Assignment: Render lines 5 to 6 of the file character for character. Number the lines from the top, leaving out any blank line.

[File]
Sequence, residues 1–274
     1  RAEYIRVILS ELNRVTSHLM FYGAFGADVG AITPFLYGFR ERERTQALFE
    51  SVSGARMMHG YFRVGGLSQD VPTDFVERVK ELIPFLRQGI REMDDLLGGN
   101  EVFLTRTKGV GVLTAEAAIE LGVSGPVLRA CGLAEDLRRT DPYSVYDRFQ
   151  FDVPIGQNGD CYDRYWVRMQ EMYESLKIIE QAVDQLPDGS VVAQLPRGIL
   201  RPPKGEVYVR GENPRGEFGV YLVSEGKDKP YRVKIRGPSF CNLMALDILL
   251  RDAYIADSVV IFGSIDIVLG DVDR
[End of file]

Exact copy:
   151  FDVPIGQNGD CYDRYWVRMQ EMYESLKIIE QAVDQLPDGS VVAQLPRGIL
   201  RPPKGEVYVR GENPRGEFGV YLVSEGKDKP YRVKIRGPSF CNLMALDILL